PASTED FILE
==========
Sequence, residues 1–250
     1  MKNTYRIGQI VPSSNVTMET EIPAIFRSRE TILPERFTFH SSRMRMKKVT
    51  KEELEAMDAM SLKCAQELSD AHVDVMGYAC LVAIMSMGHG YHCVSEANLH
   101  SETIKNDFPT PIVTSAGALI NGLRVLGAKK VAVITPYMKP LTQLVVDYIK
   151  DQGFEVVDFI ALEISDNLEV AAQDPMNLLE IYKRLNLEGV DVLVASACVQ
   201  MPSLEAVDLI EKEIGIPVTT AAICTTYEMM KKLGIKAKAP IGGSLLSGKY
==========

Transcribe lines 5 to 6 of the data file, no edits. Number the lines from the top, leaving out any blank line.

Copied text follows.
   151  DQGFEVVDFI ALEISDNLEV AAQDPMNLLE IYKRLNLEGV DVLVASACVQ
   201  MPSLEAVDLI EKEIGIPVTT AAICTTYEMM KKLGIKAKAP IGGSLLSGKY